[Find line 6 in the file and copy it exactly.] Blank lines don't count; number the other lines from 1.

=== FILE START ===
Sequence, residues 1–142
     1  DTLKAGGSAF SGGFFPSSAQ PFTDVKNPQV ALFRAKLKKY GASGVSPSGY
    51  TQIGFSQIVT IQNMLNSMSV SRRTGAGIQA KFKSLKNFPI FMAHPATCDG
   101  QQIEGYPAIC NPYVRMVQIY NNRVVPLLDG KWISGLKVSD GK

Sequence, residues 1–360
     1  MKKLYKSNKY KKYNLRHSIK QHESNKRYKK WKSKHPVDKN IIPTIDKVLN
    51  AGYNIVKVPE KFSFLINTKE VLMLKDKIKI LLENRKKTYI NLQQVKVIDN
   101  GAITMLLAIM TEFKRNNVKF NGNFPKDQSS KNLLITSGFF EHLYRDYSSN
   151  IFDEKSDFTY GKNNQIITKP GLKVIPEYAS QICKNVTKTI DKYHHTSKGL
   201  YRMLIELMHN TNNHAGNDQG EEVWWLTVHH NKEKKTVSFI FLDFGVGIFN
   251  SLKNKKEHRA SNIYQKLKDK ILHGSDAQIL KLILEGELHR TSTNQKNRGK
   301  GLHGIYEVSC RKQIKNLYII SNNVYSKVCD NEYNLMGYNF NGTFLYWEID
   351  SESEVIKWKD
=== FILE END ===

     1  MKKLYKSNKY KKYNLRHSIK QHESNKRYKK WKSKHPVDKN IIPTIDKVLN